Thus, in disrupting the value of using maps, these various procedures participate in “geo-criticism.” 4 Moreover, for some artists, this reading tinged with a concern for presenting a different understanding of the map is not necessarily aimed at geographical territory. This is the case of artist Mark Lombardi’s drawings, some of which Nathalie Casemahor-Lusteau presents and analyses. In mapping various politico-economic networks together with money laundering, Lombardy created diagrams combining various players of global commerce corrupted by shady dealings. In this sense, the sinuous course of international transactions, which defies borders, and of course has moved away from geographical space, still leads the viewer to imagine the power of money at the level of global capitalism. Right away, Lombardi’s investigations imply a picture of a global world.5 Seen in this way, artists such as Doug Beube and Eduardo Abaroa can very well show us the image of a planet prone to possible politico-economic conflicts. On this subject, Beube’s Strike Anywhere makes this explicit in a world filled with matches ready to ignite.

Certainly, geography, especially when it covers the entire planet, can be of use more than ever when waging war, but the earth as a sphere also suggests displacement, movement. Rosalind Krauss, in her history of sculpture in the 20th century, emphasizes the importance of noting experiences of actual space that are meant to decentre the self, exteriorising one in front of a sculpted work.6 In these conditions, space initially is experienced as place, as belonging to a world lived in the present. Artists producing Land Art seemed to take this experience into account first. Although the thesis Buci-Glucksmann developed is about the cartographic eye, the author also mentions the importance for artists such as Morris, Oppenheim and Smithson of walking, of inevitable journeys and of the necessary nomadism before managing to create work about the ground. In venturing into landscapes often deserted or little inhabited, these artists would draw “geo-poetical” maps, formulating ephemeral sites.7 In his text, Gilles A. Tiberghien, author of a book on Land Art, also points out the exceptional contribution of these artists who took land, the ground as a space for mapping. And his text also proposes several other ways of grasping the inventive aspect of maps, which are so many occasions for putting aside cartographers’ claims of scientifically measuring the world.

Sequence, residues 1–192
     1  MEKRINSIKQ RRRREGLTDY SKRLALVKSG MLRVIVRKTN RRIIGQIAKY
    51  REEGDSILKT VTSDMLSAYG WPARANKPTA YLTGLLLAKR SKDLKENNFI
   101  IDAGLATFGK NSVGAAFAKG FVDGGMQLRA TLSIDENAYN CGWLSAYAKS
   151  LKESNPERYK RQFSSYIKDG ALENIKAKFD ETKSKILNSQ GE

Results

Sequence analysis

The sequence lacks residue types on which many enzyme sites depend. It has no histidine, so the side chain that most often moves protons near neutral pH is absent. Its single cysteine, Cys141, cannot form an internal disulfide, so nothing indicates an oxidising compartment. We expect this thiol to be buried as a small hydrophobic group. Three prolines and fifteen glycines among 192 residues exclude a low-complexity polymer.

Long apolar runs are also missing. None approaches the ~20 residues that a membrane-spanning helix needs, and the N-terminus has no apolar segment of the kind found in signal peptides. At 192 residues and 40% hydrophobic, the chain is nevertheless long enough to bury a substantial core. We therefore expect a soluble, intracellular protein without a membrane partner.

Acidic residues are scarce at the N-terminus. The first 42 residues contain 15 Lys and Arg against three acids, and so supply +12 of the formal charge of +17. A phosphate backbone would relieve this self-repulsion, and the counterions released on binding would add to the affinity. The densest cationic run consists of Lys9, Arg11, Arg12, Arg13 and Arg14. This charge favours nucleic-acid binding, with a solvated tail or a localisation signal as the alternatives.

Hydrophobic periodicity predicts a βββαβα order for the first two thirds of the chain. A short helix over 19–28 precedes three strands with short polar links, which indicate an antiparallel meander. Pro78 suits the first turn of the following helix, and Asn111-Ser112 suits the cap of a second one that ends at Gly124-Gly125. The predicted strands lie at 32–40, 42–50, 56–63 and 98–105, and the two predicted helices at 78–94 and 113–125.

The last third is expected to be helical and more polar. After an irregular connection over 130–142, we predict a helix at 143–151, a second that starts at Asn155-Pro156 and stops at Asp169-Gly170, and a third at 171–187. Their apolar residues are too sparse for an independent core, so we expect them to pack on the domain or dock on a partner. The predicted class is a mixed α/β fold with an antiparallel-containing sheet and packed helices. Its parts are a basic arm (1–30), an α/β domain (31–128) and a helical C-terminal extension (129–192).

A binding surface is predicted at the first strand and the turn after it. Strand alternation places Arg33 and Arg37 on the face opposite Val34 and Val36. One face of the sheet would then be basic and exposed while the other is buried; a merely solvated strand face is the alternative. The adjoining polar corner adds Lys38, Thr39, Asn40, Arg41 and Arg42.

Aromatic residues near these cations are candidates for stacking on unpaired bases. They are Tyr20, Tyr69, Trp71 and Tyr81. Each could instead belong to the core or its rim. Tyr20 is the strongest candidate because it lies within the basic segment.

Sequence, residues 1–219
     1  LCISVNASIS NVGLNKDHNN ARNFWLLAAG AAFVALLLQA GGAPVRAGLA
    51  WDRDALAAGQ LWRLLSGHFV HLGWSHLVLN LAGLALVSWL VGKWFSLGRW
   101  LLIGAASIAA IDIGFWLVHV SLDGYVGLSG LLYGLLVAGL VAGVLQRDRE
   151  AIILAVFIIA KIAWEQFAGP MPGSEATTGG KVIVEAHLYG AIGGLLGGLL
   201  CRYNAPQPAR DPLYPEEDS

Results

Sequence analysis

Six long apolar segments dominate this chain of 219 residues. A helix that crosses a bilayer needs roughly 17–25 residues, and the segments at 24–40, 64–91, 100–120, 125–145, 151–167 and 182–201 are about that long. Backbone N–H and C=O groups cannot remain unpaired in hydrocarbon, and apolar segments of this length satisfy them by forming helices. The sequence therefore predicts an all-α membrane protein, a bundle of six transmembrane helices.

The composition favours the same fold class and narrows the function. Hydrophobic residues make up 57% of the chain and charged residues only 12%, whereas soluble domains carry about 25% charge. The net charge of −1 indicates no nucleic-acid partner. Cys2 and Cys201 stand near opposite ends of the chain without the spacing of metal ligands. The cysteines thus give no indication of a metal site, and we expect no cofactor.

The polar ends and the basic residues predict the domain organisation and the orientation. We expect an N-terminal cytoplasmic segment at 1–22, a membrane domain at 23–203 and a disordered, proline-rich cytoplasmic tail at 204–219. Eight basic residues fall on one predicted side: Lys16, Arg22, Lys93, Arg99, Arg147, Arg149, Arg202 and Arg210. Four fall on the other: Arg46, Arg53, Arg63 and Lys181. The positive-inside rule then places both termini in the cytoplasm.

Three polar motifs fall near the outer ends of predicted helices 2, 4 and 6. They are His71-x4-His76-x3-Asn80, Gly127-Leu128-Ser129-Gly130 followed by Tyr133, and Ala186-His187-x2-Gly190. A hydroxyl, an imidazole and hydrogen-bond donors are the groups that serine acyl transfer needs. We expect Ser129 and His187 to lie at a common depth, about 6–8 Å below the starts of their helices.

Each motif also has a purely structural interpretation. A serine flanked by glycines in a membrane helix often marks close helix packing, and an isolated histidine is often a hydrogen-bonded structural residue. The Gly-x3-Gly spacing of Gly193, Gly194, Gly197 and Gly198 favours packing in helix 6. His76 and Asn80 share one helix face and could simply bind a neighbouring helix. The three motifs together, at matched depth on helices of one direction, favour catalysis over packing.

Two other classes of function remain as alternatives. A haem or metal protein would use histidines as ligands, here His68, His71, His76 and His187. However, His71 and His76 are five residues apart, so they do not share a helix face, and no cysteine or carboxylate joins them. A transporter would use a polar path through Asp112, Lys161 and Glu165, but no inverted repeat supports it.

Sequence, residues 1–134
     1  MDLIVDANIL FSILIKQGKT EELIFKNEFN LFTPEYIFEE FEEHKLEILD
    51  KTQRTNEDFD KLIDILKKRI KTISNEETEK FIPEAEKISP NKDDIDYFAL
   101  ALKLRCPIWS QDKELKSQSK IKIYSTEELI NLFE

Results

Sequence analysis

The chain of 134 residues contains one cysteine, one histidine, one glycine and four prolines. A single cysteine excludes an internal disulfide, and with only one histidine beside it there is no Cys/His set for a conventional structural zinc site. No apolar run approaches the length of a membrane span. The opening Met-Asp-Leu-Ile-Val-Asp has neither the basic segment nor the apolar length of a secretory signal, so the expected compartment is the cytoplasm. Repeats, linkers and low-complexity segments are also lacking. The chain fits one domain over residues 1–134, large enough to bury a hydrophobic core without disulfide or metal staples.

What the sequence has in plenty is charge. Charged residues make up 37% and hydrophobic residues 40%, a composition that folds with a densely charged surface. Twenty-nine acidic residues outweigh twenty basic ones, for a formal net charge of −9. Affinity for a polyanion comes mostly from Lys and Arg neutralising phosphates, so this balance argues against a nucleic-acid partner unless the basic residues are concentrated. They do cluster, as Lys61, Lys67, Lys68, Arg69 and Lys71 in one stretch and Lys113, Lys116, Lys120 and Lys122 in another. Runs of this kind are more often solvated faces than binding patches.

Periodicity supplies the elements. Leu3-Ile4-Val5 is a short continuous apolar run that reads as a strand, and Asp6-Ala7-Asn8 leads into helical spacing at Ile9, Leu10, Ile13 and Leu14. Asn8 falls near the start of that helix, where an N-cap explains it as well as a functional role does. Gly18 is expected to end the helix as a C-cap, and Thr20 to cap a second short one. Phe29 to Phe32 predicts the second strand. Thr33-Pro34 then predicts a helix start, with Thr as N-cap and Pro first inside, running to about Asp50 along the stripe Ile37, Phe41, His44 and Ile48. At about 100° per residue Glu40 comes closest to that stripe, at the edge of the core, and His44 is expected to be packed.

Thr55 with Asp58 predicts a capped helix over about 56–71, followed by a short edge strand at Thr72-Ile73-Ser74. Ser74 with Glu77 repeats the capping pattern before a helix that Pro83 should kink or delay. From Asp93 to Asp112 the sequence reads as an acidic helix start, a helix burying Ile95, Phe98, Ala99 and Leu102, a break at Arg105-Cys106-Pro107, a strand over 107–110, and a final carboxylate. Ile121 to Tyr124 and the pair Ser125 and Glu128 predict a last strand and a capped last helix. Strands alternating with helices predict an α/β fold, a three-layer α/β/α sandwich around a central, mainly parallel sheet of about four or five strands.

Reviving the geometry of the ground next to the body is also a notion Nathalie Daniel-Risacher stresses in her contribution. She refers most notably to artist and sculptor Pierre-Alexandre Rémy who surveys actual territory in order to record multiple variations. His sculptures are like drawings in the shape of lines that unfold in physical space. They are also the product of what one could call a poetics of space. The relation established with the milieu is far from being conflictual. As an artist, his gesture is meant to be a reappropriation of place. In Antiquity, according to Michel Serres, statues often defined this ambient world, symbolically determining familiar space. These statues served to situate us in the space, to show us where we are.8 The world thus emerges as a limited space, in which I find myself at home. However, in a work entitled Atlas, Serres instead takes the measure of the immeasurable, of the incessant change within a world where old landmarks are vanishing.9 He is interested in cartography in the context of communication technology. With the instrumentation that new technologies display, enabling access to electronic globalisation, the relationship of space-time has changed and the question “where are you going?” has been replaced subtly with “where are you?”